Nuclear power plant outages in US up 60% over five-year average – Twice as high as last year

Reuters data reports show US nuclear power plants outages were twice as high as they were last year, and over 60% higher than the over the five-year average. More than 18,000 megawatts (MW) of nuclear capacity was shut on Friday versus just 8,500 MW last year and a five-year average of about 11,400 MW.

In the spring of 2011, nuclear outages reached 32,800 MW in May. The average peak for the spring maintenance season is 22,500 MW out.  According to the U.S. Nuclear Regulatory Commission half of the nation’s 104 nuclear reactors are over 30 years old. Most of the country’s reactors have applied for a 20-year extension. Sixty-two extensions have been granted so far, and 20 are still pending, according to the Nuclear Energy Institute.

Currently 5 reactors (St Lucie 1 in Florida, Turkey Point 3 in Florida, Wolf Creek in Kansas, South Texas 2 in Texas and San Onofre 3 in California) entered shutdown modes weeks or months ago to replace major components and conduct work that could take months.  Reuters reported that reactor design modifications and operating changes based on lessons from Fukushima are expected to add millions of dollars in costs for nuclear operators, including Exelon Corp, Entergy Corp, Southern Co and others.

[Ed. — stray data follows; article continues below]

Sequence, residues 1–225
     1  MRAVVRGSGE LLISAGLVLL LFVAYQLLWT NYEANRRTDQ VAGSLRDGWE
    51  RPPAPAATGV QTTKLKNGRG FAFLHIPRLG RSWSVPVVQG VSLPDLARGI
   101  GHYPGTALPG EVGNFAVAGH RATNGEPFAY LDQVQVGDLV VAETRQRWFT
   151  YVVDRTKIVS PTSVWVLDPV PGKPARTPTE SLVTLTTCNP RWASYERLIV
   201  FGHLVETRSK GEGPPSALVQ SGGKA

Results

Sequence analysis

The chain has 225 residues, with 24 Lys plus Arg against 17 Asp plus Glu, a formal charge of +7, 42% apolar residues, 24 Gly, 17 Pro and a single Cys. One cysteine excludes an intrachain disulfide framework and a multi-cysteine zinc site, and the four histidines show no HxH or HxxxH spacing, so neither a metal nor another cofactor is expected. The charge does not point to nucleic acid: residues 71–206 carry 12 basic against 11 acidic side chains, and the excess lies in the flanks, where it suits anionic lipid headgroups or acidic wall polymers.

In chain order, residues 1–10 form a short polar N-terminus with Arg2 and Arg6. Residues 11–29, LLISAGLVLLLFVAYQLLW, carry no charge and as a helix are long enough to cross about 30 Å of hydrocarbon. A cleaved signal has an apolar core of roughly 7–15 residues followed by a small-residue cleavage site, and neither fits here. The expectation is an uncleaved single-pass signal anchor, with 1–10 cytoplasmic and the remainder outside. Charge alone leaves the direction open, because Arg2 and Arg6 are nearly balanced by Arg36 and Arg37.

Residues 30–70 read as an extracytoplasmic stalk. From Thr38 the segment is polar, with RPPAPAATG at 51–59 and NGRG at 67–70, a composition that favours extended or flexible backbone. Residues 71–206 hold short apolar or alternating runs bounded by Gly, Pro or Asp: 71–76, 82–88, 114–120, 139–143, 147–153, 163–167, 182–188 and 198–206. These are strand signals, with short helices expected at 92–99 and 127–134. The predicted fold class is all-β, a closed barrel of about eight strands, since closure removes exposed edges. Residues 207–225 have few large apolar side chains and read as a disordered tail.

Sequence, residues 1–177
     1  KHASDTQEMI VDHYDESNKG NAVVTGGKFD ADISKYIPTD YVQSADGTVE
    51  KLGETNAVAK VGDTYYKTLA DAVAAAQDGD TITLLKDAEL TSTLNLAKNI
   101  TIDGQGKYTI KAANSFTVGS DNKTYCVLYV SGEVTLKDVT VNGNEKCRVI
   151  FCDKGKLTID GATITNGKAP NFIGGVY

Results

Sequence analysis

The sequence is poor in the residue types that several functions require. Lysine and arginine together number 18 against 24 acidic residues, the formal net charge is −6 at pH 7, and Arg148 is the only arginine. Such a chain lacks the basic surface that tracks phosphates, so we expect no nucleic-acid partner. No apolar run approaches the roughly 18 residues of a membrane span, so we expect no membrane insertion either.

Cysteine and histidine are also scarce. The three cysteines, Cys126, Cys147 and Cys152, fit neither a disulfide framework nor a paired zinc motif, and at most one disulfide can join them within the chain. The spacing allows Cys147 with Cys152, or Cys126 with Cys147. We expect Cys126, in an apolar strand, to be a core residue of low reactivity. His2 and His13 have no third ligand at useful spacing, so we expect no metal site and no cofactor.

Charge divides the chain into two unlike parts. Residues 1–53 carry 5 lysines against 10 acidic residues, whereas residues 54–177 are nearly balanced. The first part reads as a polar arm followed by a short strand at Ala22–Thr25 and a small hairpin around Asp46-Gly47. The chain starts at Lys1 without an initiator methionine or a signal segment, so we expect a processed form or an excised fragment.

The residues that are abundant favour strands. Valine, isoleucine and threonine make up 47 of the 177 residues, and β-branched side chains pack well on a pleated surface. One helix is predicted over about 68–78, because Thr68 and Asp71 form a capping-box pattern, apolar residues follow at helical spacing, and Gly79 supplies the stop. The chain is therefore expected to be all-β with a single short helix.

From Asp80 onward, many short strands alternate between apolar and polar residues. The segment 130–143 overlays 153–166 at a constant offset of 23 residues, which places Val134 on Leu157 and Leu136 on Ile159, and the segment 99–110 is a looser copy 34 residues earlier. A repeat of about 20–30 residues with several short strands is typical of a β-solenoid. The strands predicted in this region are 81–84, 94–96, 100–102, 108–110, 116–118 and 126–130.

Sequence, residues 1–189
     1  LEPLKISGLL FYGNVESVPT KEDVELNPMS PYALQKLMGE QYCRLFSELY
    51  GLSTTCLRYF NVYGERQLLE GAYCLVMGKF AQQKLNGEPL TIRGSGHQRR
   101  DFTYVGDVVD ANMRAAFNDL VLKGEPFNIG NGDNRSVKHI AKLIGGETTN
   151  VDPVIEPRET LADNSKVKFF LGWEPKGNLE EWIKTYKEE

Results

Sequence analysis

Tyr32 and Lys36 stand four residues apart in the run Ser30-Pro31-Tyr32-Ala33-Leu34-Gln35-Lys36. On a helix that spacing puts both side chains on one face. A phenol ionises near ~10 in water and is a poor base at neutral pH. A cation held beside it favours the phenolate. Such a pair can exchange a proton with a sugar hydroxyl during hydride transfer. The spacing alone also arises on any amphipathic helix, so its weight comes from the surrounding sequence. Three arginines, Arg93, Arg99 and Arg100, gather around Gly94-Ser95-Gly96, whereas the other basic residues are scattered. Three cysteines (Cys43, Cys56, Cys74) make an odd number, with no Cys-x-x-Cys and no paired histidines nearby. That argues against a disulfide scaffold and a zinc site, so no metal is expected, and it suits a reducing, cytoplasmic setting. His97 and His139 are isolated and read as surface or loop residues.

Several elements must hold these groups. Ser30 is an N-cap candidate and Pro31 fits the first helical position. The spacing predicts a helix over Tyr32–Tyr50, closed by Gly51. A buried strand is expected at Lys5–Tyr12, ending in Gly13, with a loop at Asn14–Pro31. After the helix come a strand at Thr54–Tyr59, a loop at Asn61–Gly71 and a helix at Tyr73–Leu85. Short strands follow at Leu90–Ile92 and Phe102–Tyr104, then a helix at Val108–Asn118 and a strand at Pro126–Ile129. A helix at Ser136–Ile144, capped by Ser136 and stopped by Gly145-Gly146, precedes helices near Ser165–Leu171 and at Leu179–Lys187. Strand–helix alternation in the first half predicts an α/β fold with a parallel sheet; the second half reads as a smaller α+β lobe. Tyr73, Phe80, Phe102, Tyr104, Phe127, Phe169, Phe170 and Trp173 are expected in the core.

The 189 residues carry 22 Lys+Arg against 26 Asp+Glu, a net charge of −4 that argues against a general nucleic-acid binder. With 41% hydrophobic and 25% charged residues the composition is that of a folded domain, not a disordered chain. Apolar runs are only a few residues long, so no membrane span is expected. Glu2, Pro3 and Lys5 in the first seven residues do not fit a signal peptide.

Siemens decision to pull out from nuclear business in Sept 2011 is just one example of how life post-Fukushima has begun wearing down the nuclear infrastructure.  AREVA announced that it suffered a massive loss in 2011, about 3.2 billion dollars.  Areva says the production of plutonium-mixed fuel for Japan have also stalled since the March 11th disaster.

PPL Corp. (PPL) Chief Executive Officer William Spence said new U.S. operating standards imposed in the wake of the reactor meltdowns in Fukushima, Japan, last year may prompt owners of single nuclear plants to consider selling them.

“There will be a lot of companies like ourselves that will have to look hard at their role in nuclear,” Spence said.

 

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